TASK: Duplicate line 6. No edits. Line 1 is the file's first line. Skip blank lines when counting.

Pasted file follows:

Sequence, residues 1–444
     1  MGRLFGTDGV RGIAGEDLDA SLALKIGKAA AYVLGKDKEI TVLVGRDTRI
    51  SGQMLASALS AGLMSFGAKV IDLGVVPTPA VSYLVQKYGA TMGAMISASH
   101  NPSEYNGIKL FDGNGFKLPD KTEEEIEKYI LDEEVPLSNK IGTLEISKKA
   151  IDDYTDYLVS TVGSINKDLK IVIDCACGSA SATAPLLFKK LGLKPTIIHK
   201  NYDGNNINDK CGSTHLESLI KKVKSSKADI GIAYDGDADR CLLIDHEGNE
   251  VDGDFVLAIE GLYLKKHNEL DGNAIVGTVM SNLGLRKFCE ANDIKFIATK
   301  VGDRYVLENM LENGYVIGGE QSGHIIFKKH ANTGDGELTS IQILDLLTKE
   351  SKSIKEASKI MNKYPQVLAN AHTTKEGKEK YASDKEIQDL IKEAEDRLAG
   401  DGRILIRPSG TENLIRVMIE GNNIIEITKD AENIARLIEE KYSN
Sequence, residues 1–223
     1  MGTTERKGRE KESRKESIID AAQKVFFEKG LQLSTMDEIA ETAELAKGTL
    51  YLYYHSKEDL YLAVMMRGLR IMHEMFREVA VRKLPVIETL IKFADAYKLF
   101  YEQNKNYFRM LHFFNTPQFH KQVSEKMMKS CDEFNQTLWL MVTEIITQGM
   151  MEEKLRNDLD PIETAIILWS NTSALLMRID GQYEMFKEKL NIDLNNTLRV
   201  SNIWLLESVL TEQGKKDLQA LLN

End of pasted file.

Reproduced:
   201  NYDGNNINDK CGSTHLESLI KKVKSSKADI GIAYDGDADR CLLIDHEGNE